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(Credit: Screenshot: Tom Mcnamara/Download.com)

Cybersecurity firm SureCloud has announced that the Google Chrome web browser contains a security flaw that can allow an attacker to remotely gain unauthorized access to a local area network, but that the problem can be fixed by updating to version 69 of the browser.

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How to update your copy of Google Chrome

Windows: Click the three-dot menu button in the upper right, click Help near the bottom of the menu, and select About Google Chrome. In the next window, click the Check for Update button. If one is available, the download will begin. Once it's finished, you'll need to restart Chrome for the update to take effect.

Mac: From the Chrome menu, select About Google Chrome. On the Settings page, you'll see which version of Chrome you are using and whether you are up to date or need to update. If an update is available, tap Update Google Chrome and then tap Relaunch.

Note that the desktop version of Chrome 69 brings a visual refresh to the browser, so some things will look a little different. But it should behave in much the same way as before, just with tighter security.

Android: Open your Google Play Store app, tap the hamburger menu in the upper left, tap on My Apps & Games. If an update is available, it will show up in a section near the top labeled Updates Pending. Tap the Update button next to the entry for Chrome. If you had the Chrome browser open during the update, you'll need to close it for the change to take effect.

iOS: Open the App Store app, then tap the Updates tab at the bottom of the screen. Swipe down from the center of the screen to refresh your update list. If Chrome is listed here, tap the Update button to the right of its entry. If Chrome was open during the update, you'll need to close before the change can take effect.

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What the network security flaw was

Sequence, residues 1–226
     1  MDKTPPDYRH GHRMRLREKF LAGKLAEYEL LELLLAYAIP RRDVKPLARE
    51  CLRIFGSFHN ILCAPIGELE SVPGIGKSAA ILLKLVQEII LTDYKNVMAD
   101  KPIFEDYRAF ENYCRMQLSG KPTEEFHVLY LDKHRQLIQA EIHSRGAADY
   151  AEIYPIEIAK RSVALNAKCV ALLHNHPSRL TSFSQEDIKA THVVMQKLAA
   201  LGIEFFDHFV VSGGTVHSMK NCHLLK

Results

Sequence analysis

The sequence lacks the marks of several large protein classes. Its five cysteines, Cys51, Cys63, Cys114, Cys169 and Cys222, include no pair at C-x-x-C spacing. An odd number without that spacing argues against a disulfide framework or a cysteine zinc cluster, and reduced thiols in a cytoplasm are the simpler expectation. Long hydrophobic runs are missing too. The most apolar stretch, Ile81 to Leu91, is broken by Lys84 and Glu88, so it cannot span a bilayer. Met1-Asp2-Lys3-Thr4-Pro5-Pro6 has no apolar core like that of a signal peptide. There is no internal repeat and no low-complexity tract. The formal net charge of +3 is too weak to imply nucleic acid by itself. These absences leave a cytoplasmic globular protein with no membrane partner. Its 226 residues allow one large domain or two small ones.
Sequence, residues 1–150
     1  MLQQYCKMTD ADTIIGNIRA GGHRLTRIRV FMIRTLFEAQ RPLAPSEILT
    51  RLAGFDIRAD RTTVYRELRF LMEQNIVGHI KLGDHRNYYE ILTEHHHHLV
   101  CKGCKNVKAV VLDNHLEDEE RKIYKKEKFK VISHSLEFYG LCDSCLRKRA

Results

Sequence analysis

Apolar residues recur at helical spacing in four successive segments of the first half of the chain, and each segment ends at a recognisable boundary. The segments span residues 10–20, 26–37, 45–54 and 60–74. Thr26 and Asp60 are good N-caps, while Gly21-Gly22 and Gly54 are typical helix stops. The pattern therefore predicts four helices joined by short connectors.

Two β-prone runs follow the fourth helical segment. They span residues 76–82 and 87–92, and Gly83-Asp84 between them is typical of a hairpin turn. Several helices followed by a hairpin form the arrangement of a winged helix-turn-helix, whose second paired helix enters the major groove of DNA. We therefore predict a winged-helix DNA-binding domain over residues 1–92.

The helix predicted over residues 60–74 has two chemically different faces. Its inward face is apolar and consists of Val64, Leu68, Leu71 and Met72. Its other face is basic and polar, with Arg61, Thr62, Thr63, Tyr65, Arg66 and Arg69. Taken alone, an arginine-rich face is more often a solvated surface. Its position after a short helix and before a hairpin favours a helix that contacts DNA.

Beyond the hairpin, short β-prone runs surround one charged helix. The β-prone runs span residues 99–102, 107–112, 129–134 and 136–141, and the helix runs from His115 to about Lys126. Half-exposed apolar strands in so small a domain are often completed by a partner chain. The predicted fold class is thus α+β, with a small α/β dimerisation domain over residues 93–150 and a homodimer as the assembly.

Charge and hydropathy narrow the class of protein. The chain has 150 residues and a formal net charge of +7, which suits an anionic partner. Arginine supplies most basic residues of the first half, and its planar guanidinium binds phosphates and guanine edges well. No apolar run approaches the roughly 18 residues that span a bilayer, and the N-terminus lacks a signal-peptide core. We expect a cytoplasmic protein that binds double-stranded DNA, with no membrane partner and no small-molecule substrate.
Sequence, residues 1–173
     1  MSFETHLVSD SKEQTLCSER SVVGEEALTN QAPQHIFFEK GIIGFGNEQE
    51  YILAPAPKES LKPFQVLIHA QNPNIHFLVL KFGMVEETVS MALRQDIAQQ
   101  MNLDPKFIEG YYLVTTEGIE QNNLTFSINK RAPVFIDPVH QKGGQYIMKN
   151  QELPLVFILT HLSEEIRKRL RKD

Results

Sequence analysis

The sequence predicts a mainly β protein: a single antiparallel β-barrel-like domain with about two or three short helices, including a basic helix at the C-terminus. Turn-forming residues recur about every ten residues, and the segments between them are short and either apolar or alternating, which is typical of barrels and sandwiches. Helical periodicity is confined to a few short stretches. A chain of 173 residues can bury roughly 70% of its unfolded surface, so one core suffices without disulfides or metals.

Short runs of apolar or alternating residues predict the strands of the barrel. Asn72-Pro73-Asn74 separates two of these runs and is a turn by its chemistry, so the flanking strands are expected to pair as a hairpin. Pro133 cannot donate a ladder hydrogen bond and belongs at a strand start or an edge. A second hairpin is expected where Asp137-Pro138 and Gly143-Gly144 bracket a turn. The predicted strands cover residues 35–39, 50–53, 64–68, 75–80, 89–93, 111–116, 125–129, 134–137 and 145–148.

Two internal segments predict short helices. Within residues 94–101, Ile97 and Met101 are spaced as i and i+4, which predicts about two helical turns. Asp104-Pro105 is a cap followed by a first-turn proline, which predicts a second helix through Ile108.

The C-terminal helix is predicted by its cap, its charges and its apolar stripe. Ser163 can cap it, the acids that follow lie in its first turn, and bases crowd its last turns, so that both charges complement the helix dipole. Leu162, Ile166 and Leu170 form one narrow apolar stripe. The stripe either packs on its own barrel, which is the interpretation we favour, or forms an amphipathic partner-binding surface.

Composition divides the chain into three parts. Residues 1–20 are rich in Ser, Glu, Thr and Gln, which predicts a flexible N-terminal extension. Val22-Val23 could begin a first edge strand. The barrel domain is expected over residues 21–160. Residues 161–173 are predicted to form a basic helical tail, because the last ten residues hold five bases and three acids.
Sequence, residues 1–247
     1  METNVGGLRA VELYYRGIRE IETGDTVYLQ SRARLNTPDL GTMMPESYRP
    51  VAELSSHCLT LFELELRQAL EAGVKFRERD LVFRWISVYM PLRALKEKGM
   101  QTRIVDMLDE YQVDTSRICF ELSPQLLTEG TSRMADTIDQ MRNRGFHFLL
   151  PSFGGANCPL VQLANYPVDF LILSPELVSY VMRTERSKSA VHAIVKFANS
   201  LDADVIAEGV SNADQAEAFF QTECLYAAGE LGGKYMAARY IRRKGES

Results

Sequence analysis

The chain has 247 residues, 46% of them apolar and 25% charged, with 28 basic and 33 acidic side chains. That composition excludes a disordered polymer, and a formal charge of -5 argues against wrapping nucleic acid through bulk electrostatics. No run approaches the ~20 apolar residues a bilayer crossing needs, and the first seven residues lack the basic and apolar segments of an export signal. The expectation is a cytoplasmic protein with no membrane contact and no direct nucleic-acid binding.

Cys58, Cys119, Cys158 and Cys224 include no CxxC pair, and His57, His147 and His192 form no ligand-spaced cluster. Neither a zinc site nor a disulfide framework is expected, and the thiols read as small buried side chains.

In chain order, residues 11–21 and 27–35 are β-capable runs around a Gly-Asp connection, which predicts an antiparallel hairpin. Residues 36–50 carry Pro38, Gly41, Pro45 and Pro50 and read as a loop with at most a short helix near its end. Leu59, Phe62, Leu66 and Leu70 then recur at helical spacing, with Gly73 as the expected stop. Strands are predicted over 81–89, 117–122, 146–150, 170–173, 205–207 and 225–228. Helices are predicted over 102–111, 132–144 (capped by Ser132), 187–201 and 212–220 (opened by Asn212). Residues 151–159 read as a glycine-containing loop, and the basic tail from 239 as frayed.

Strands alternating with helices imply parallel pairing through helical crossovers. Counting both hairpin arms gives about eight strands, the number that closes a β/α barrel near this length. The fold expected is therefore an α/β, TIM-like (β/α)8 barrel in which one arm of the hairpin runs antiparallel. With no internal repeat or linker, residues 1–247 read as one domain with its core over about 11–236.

In Chrome 68 and possibly earlier versions, there was an issue with stored credentials and unencrypted connections to a network router, which is the device that your PC, phone, and other devices use to connect to the Internet. Chrome and other browsers offer to save your usernames and passwords to make it easier to log into various websites, and many routers can be set up for remote access.

Unfortunately, this remote router access does not always use a secure connection. Instead of HTTPS, they may use regular HTTP. Since regular HTTP is not encrypted, an attacker could intercept the user name and password that Chrome stored for you, then use that login info to access to the router's functions, and to every device that uses it to connect to the Internet.

From there, an attacker can compromise the security of the router, redirect you to fake websites, and spy on your Internet connection.

Thankfully, updating to version 69 of Google Chrome fixes this issue. If you are using the Chrome-based Opera browser, however, we recommend switching to an alternative until an update is available.

The takeaways

  • Cybersecurity firm SureCloud reported that the Google Chrome web browser was vulnerable to a security flaw that could allow an attacker to remote access a network router.
  • SureCloud updated their report to say that updating to the newly released version 69 of the Chrome browser will address this flaw.

Also see

Tom McNamara is a Senior Editor for CNET's Download.com. He mainly covers Windows, mobile and desktop security, games, Google, streaming services, and social media. Tom was also an editor at Maximum PC and IGN, and his work has appeared on CNET, PC Gamer, MSN.com, and Salon.com. He's also unreasonably proud that he's kept the same phone for more than two years.